So I hopped into my vehicle and started the engine, looked at the display to see the damage, and my car was full of fuel! When I'd crashed on the couch the night before, my wonderful husband had gone to fill up my gas tank for me. I hadn't even noticed until that evening and what a great surprise. I know it seems like such a small thing, but it really, really made my day.

Monday, September 03, 2007

Happy Labor Day and a GCC Tour!

Happy Labor Day, everyone! Today's my regular posting day over at Killer Fiction so pop over and check out my recant of my interesting week with medical professionals. It's sure to make you renew your medical insurance policy.

Today, I'm bringing you a GCC tour by Laura Florand and her release, BLAME IT ON PARIS.

Eleven o’clock on a Friday night. The seamy, sex-obsessed center of Paris. I balanced over a Turkish toilet in a tiny bistro, one stiletto heel propped against the wall to make some kind of writing table out of my knee, trying desperately not to touch anything around me as I wrote an invitation…. Thus begins BLAME IT ON PARIS, Laura Florand’s hilarious and moving true story of a French-American romance between two people, two families, and two cultures.

What does happen when you put a small-town Georgian in Paris and a handsome, sophisticated Parisian in small-town Georgia? Especially when two huge families, one French and the other American, decide it’s up to them to further this romance. The Parisian’s family wants Laura to learn how to prepare snails, while Laura’s family keeps serving SĂ©bastien Mad Dog 20/20 as good wine. How will true love survive?


“Hilarious…A fun, frothy tale for anyone who has ever conjured up a dashing handsome foreigner to sweep her off her feet. Readers will be happy to live vicariously in Laura's French fairytale.” –Booklist (Aleksandra Kostovski)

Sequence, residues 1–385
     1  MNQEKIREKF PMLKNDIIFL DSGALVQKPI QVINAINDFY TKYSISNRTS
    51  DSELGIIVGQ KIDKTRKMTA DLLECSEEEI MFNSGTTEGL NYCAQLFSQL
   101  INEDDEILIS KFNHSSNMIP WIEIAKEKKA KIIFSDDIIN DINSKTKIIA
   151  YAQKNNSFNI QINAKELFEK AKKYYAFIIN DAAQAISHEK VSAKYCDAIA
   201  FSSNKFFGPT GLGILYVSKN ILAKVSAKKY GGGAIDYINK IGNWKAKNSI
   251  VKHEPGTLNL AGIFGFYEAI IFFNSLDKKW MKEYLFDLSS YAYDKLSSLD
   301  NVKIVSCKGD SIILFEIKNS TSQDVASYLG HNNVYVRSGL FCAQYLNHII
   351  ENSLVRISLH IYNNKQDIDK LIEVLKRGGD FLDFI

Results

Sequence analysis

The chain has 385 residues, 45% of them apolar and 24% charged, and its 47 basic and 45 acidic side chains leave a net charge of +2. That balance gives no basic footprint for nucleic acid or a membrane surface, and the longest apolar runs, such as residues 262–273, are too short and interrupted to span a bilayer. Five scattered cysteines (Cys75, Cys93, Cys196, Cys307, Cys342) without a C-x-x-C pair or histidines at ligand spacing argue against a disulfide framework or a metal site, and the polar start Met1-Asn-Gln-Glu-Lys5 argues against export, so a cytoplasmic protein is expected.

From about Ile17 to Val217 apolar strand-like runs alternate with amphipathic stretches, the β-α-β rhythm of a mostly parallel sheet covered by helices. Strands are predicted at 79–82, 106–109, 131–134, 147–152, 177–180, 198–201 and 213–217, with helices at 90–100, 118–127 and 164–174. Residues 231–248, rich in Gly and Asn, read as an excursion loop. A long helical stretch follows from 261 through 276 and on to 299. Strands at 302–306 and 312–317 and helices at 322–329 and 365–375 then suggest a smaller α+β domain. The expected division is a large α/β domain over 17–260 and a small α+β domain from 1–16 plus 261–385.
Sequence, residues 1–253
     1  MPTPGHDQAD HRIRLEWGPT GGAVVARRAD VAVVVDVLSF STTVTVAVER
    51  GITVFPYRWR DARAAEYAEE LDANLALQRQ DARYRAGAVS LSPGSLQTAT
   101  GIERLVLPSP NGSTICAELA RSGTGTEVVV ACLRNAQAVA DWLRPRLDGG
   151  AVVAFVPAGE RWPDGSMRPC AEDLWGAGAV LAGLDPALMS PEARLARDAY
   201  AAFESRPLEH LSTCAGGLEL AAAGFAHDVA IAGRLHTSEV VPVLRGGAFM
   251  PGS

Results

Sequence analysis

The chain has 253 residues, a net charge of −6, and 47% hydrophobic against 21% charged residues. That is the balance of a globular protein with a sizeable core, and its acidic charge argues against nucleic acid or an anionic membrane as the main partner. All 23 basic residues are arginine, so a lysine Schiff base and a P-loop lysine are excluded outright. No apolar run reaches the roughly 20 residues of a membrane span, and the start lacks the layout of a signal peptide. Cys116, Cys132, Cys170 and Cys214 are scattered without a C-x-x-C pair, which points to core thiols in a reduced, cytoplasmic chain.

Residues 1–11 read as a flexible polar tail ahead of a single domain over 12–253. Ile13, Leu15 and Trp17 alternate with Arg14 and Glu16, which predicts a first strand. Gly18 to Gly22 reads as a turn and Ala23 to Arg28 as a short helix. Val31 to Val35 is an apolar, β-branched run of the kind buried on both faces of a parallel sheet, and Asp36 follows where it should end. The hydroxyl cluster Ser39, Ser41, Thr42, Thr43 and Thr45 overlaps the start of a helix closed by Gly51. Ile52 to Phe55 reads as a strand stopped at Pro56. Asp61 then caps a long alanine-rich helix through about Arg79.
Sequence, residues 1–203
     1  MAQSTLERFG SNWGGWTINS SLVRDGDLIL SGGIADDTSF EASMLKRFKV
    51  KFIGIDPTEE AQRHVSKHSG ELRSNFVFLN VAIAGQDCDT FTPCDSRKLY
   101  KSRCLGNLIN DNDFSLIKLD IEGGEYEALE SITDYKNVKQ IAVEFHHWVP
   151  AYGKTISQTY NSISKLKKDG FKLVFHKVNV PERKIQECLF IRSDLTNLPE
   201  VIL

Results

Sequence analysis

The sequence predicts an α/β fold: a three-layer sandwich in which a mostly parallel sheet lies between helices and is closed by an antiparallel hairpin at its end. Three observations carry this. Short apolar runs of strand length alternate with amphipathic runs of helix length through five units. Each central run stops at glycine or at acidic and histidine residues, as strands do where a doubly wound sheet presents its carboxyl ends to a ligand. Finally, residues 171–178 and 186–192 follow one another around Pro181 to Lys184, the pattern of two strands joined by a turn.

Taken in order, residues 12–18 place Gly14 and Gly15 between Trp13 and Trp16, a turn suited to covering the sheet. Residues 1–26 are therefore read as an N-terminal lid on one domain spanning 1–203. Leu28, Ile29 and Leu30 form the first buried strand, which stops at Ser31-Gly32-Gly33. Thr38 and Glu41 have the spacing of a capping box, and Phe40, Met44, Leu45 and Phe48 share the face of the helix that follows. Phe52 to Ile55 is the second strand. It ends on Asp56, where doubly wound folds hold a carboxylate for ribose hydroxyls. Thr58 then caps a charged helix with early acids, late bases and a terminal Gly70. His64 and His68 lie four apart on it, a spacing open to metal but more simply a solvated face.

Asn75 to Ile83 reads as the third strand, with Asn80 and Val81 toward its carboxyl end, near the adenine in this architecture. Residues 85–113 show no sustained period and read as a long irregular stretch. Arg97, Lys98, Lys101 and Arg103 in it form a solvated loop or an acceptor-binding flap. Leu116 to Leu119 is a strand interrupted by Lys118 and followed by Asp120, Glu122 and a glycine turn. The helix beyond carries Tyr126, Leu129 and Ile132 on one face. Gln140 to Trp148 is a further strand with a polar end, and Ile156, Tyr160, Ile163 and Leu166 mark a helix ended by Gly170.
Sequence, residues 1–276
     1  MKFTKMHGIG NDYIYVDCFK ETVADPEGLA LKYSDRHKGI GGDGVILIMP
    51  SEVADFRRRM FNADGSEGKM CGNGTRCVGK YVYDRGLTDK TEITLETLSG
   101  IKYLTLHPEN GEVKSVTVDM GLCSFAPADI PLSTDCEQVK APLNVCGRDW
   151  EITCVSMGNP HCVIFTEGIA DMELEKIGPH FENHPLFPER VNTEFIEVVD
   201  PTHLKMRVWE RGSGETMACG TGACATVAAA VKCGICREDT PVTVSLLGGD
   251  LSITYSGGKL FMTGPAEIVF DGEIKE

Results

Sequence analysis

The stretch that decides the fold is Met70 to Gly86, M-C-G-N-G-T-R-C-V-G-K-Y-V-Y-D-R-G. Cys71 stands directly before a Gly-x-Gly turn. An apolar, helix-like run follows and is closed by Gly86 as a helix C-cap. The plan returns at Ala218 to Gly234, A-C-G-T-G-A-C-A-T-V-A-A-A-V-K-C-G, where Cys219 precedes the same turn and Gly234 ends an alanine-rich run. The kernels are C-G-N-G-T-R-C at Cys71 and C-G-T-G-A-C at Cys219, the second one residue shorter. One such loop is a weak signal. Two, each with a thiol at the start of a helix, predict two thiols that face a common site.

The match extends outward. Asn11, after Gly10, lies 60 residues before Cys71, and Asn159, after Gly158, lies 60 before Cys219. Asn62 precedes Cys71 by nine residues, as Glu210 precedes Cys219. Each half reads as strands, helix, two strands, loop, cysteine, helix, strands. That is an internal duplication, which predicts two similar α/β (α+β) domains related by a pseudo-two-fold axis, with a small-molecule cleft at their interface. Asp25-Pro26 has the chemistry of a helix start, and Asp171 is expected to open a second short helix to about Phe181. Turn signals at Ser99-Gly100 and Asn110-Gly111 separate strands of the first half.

“A frothy French confection.” –Publishers’ Weekly

“Laura Florand offers up an outsider’s oddly inside view of Paris, and she does so in a narrative that is by turns witty and touching, but always charming. Best of all, she turns the tables and lets us see our own culture through the fresh, French eyes of the man she loves. Do yourself a favor: Read this book.”--Joshilyn Jackson, best-selling author of Gods in Alabama

“A fabulous romp from Paris to Podunk and back again. Loved it. Laura Florand’s reluctant heroine is adorable, and her perfect Parisian amour can wait on my table anytime.”--Haywood Smith, New York Times best-selling author of the Red Hat Club series

“A romantic, hilarious soufflĂ© of a story! Move over, Bridget Jones. Charming and laugh-out-loud funny.”--Deborah Smith, New York Times best-selling author of A Place to Call Home

Recommended reading by Marie Claire (November 2006) and Complete Woman (February 2007).

About the Author:

Laura Florand is a native of the Deep South who began travelling the world when she was seventeen, backpacking solo through Greece. She went on to win a Fulbright to Tahiti and then to study French literature at Duke University. In addition to the year in Tahiti, she has lived in Madrid and Paris. Now a senior lecturing fellow at Duke and a new mother of one, she divides her time between North Carolina, where she also leads a Tahitian dance group, and France. For more information, please see her website and buy the book!

An Austin DesignWorks Production